On that paved road, I continued to pass some runners, although I couldn't tell if they were marathoners or half runners. And some passed me. I came along a younger runner who was cold but I had already given up my gloves and couldn't help him. I had stopped to try and help but was useless. My wife and son had taken my gear and I couldn't find them at the moment.

In the final couple miles, a couple of runners, appearing to be in my age group passed me. In one case it was because I was eating a cookie. Last year in the final mile, I had come along a nice lady handing out cookies to the runners. I didn't take one. You can't eat cookies in a race! But I regretted it ever since. This time I took a sugar cookie with red icing and sprinkles. My wife took a picture of me showing her the cookie. If I had to do that over again, I would have gone for the chocolate chip or molasses, and put in my pocket for later. After a couple bites of the frosted cookie I was breathing too heavy and covered in frosting. I had to dump the cookie for the final stretch. Disappointing but more fulfilling than last year.

I ran pretty good up Main Street. I knew I was 1:42 something last year, and could see I was around the same time. As I crossed the finish it appeared that I was better, 1:41. When I think about all the weaving and stopping for the cookie, and trying to help someone, I feel like I was better than a year ago. Then again, part of last year's race was spent breathing through a frozen face mask and running into a head wind! My running friend, in my age group, had beaten me by 10 minutes in his first half. He had done very well.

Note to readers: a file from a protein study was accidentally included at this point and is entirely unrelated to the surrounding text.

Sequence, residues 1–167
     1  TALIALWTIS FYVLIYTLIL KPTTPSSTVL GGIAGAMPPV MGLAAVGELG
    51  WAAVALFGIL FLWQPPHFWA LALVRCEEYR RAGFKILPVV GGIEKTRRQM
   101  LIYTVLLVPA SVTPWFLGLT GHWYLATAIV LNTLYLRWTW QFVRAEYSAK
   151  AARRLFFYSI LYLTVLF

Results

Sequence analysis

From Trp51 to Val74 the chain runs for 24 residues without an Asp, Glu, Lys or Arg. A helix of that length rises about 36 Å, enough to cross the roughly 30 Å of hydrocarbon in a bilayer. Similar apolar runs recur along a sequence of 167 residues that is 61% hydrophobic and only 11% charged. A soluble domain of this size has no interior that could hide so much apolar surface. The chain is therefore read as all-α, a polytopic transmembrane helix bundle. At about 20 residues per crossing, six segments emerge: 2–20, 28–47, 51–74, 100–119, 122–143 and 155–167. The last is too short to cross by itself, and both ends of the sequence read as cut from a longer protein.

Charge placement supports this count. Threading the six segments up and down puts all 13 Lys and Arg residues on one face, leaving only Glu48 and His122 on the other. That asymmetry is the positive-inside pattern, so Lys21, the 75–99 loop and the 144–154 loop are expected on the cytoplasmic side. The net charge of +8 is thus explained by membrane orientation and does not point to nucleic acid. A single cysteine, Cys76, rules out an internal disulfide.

We gathered after the race and had a meal at a local restaurant, tipping generously of course!.

We hit a downtown shop and picked up a few more items. My wife and son, between the library and a bookstore had gathered 8-10 books. My son picked up some driving time on the way home as the 3-5 inches of snow predicted for the evening has started. Overall it was a great day. You can't help but feel warm on a cold winter day when you are doing something you love (run), with people you love (family), and helping out a community working hard to make you feel welcome.

Here is a link to the Facebook page with lots of stories about the race and next year's date. But be careful, because it might just draw you to Northern Maine next December. https://www.facebook.com/groups/1313318738729689/  

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My daughter climbed Mt Khatadhin this summer! She loved it!

Pick a summer race in Maine and perhaps I’ll travel that way.

Very nice 1/2!!

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We go to Maine every summer to visit the in-laws but are mostly down south. I love the small town races that we've done there....don't know about in the winter though!